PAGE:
U.S. gasoline and diesel prices probably peaked in May and should be slightly lower than previously forecast over the summer as refinery operations recover from Mississippi River flooding disruptions, the U.S. Energy Department said.

Regular-grade gasoline at the pump is expected to average $3.75 a gallon nationwide from April through September, down 6 cents from last month’s projection, according to the Energy Department’s monthly Short-Term Energy Outlook , released June 7. Retail diesel is forecast to average $3.97 a gallon over the summer, down 3 cents from last month’s estimate.

Flooding in Louisiana and other areas along the Mississippi River earlier this spring led to temporary refinery shutdowns, contributing to higher fuel prices. Unexpected refinery shutdowns also led to a drop in gasoline supplies on the East Coast, the Energy Department said.

“In recent weeks, gasoline prices have been falling… as the refinery situation has begun to recover,” according to the report. As a result, the department expects the U.S. retail gasoline average during May, at $3.91, will be the peak monthly average for the 2011 driving season.

Gasoline and diesel prices also declined as crude oil fell from near three-year highs, providing some relief to farmers, truckers and others. Still, oil prices are expected to remain high amid growing global consumption and the potential for supply disruptions in the Middle East. That’s expected to keep fuel prices in the U.S. above last year’s levels.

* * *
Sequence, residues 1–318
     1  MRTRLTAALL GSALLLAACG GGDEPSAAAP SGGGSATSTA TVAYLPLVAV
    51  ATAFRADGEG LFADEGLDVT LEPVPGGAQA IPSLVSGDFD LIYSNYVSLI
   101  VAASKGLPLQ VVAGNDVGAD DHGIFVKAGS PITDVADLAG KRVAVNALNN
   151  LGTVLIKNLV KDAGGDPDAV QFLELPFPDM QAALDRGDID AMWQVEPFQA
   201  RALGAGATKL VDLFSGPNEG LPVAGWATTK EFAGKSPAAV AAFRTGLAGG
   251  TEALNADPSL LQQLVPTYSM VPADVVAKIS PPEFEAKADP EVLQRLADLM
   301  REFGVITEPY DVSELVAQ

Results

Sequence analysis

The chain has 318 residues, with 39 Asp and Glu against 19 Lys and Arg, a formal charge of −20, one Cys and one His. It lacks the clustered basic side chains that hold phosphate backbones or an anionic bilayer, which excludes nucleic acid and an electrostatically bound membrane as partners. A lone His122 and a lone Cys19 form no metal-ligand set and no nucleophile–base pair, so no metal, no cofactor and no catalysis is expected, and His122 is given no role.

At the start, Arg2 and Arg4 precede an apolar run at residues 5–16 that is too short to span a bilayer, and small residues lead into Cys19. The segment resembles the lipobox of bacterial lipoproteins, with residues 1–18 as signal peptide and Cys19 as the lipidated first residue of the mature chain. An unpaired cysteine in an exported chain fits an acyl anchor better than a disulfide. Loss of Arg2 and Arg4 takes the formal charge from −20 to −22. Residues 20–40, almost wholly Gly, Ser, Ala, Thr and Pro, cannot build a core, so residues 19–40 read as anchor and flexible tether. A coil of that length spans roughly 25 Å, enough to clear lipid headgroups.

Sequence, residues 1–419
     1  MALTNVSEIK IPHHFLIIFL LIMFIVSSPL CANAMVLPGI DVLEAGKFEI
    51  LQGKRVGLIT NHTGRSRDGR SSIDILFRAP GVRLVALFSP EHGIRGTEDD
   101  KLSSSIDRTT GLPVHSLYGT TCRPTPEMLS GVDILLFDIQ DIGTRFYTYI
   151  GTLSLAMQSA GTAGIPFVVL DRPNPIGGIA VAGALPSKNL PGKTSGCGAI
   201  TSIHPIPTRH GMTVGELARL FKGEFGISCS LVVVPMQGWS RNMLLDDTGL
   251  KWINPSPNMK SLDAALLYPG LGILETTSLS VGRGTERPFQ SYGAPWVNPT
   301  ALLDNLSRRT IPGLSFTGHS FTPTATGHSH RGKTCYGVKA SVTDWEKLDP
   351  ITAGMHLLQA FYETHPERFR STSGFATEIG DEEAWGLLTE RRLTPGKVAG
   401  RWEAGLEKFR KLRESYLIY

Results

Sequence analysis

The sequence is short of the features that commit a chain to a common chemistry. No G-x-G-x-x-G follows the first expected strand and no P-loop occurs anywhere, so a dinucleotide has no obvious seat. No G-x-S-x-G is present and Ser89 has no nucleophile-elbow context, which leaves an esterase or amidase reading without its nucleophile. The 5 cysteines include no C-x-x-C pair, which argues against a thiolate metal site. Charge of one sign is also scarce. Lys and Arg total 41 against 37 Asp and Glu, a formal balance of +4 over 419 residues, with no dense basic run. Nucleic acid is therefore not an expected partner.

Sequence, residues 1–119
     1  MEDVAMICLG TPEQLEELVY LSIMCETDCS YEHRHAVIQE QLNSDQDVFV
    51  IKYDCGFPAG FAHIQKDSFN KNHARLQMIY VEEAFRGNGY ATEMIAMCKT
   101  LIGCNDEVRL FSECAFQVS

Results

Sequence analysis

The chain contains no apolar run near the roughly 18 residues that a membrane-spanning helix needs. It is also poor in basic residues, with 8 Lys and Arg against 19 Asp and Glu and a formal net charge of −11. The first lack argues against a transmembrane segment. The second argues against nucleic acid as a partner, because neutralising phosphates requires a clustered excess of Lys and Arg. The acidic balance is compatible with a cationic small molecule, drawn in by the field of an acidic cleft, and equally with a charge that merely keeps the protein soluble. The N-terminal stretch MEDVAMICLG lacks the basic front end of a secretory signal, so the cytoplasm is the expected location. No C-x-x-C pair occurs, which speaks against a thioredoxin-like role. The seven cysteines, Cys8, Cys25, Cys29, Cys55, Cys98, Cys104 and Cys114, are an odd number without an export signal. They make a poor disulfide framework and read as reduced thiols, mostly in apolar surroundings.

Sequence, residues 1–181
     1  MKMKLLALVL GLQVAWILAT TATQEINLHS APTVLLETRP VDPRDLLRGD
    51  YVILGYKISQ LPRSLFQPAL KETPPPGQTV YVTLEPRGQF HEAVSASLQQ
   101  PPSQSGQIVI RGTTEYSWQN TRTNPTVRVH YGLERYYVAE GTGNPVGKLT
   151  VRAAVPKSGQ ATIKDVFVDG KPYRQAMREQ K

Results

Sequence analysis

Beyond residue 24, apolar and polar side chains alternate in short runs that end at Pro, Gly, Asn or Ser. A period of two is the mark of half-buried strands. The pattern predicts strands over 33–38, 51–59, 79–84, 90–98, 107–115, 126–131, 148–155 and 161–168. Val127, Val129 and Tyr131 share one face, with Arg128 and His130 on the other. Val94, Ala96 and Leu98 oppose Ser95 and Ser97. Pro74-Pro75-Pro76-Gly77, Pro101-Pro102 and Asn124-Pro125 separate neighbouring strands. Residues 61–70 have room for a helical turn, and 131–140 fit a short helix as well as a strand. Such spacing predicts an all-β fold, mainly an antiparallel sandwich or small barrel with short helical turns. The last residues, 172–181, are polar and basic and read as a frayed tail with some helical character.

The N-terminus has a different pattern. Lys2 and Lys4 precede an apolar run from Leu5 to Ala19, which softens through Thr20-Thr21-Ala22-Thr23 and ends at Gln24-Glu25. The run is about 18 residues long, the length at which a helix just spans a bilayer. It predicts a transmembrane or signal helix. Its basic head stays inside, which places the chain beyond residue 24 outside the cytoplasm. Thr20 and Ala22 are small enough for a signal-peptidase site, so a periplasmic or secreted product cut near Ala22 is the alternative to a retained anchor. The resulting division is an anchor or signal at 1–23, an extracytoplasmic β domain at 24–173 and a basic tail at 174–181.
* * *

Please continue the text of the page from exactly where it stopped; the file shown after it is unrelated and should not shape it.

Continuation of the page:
Projected U.S. gasoline prices over the summer driving season, at $3.75 a gallon, would still be up 36% from $2.76 during the same period in 2010, the Energy Department said. Projected diesel prices would be up 33% from last year.

The Energy Department “still expects oil markets to tighten as growing liquid fuels demand in the emerging economies and slowing growth in non-OPEC supply maintain upward pressure on oil prices,” the report said.

U.S. benchmark oil prices should average $102 a barrel in 2011 and $107 in 2012, up from $79 last year, the department said.

In afternoon trading June 7, crude futures in New York traded around $99.25 a barrel, up 8.6% since the end of 2010 but down from a peak of nearly $115 in early May.